A 60-year-old man who sexually molested the young daughter of a friend has been acquitted of all charges after an appeals court found the charges against him were time-barred.
The man had sexually abused a girl from when she was 12-years-old until she was 16-years-old, from 2005 to 2009. He was charged for his crimes in 2015 – over five years after his crimes had taken place.
In his appeal, he pointed out that the acts had taken place in 2009, thus exceeding the five year prescriptive period under Maltese law.
Presiding over the Court of Appeal, Madam Consuelo Scerri Herrera noted that while the courts had no reason to believe that the sexual abuse hadn’t taken place, criminal actions against the man had only been taken after a lapse of five years since the last noted case of abuse. She said this meant his charges were time-barred.
The abuse only came to light after the victim’s boyfriend found out about it
The girl, who was adopted by foster parents at the age of four, had told her boyfriend that one of her family’s eldest friends would force her into giving him oral sex at her foster grandmother’s home.
He lived near the foster grandmother, and would molest her in an upstairs bedroom, away from everyone else. He would also touch her genitals on some occasions, though he never had penetrative sex with her, she said.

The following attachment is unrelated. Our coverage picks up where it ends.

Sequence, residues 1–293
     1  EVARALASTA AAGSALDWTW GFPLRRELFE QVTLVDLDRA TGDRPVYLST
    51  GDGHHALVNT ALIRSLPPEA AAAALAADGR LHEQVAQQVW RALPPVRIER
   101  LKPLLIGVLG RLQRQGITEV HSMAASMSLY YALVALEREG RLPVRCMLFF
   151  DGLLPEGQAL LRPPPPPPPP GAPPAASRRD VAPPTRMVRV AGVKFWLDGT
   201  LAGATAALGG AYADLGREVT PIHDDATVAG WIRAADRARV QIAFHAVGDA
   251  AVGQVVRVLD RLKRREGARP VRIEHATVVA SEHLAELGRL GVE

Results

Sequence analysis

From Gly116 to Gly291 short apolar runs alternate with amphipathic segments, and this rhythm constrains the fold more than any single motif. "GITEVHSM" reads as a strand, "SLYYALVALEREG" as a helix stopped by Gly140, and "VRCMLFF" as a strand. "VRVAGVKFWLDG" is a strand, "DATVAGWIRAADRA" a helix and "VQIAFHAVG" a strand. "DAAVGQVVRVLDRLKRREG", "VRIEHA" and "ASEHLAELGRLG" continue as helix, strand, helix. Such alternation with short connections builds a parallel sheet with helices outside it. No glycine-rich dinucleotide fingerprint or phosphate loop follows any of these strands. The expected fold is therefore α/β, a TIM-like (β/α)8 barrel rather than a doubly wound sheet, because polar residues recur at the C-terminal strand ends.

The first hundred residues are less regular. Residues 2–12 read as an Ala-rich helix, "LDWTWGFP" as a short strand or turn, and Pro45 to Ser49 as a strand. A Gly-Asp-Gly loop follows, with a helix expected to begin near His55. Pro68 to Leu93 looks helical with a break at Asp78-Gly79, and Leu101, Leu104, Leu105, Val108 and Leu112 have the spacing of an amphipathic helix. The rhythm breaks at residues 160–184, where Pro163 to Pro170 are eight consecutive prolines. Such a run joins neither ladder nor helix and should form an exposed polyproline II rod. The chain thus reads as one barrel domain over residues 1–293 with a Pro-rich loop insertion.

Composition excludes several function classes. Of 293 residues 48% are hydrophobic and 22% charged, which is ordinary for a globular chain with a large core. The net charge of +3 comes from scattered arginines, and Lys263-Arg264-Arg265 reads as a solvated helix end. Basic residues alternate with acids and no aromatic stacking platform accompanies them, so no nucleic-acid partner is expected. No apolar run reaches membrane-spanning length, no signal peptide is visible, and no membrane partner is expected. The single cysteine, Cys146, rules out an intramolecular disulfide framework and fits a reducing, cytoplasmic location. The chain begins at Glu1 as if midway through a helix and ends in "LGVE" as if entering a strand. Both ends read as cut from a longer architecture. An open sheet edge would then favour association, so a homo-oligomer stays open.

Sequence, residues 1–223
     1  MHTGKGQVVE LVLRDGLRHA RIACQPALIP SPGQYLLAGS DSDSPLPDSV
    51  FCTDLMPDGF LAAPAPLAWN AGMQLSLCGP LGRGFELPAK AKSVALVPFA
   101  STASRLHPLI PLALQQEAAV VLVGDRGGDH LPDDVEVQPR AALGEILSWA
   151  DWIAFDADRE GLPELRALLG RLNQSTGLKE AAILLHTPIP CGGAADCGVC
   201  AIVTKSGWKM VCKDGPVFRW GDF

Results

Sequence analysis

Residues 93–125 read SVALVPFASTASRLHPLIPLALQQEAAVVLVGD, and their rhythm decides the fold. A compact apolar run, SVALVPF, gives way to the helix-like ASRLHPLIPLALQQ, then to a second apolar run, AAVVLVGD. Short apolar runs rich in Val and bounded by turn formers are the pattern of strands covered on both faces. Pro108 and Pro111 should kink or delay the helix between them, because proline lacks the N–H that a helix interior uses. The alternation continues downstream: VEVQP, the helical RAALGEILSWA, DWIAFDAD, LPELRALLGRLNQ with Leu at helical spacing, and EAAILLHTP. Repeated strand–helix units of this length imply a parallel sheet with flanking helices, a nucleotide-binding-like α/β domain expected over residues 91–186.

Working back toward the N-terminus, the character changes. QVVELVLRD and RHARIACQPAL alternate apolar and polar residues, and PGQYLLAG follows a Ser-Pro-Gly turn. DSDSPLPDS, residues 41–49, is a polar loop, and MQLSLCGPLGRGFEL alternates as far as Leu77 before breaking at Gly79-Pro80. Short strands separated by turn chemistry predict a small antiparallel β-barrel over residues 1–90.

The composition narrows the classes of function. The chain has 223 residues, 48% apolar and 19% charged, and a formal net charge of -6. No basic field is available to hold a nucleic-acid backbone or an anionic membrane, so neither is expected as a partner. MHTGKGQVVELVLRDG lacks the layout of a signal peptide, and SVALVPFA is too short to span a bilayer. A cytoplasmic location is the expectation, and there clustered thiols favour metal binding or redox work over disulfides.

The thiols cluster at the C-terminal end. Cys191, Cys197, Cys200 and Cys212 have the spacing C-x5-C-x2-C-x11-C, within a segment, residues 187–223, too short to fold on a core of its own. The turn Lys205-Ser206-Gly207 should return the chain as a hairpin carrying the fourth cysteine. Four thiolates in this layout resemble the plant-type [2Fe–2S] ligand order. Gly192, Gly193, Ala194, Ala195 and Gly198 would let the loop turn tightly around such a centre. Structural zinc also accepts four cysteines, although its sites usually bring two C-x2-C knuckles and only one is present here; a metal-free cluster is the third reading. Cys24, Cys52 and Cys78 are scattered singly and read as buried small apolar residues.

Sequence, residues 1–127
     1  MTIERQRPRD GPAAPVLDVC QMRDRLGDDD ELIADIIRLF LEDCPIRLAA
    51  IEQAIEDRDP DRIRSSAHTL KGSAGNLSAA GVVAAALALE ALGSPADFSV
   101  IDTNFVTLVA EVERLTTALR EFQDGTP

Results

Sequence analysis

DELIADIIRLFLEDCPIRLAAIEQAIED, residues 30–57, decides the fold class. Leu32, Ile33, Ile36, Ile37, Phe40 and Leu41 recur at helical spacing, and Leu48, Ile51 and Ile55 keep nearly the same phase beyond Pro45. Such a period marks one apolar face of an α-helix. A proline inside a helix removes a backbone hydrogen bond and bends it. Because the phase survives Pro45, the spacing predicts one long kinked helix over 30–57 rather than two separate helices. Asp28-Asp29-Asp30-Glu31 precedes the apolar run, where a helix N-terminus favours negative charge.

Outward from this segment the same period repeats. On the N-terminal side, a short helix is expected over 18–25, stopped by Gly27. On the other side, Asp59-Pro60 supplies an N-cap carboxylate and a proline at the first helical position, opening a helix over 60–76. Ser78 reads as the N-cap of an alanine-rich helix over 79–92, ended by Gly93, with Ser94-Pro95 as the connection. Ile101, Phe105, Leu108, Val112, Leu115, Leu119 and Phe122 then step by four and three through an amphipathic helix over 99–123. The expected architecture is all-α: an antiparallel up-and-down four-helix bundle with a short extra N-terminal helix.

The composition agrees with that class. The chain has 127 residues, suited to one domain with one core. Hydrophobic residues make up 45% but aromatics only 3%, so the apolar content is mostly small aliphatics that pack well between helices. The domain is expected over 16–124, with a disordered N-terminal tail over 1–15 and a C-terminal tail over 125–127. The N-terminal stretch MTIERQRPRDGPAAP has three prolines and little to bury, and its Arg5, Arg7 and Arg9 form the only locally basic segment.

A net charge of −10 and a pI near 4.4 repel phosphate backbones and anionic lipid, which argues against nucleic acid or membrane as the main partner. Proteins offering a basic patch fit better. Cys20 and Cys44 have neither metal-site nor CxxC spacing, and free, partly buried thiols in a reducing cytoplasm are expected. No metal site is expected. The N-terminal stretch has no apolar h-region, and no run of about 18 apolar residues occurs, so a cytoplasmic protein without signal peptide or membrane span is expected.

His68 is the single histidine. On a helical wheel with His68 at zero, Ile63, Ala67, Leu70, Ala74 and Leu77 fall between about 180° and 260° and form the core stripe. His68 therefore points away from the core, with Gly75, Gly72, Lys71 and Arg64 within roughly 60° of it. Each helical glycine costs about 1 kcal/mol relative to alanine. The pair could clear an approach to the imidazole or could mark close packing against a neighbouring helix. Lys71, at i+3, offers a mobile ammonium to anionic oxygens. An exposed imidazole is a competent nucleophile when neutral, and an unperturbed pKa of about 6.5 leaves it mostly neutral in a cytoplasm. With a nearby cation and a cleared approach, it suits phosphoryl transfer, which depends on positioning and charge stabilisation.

The abuse started when she was 12, and continued until she was 16. It was at this point that she began avoiding being alone with the man, and soon after opened up to her boyfriend about the abuse, the court heard.
The boyfriend went straight to the girl’s foster father, who filed a police report in December 2014.
The man denied the accusations, but admitted to police that he had fallen to the girl’s “provocation”
Police charged the man with the defilement of the minor as well as engaging in sexual activity with a minor following their investigations.
He was sentenced to two years in prison for his crimes, but has had his sentence overturned after showing his crime is technically time-barred under Maltese law.
The court ordered the names of the victim and the accused to not be published.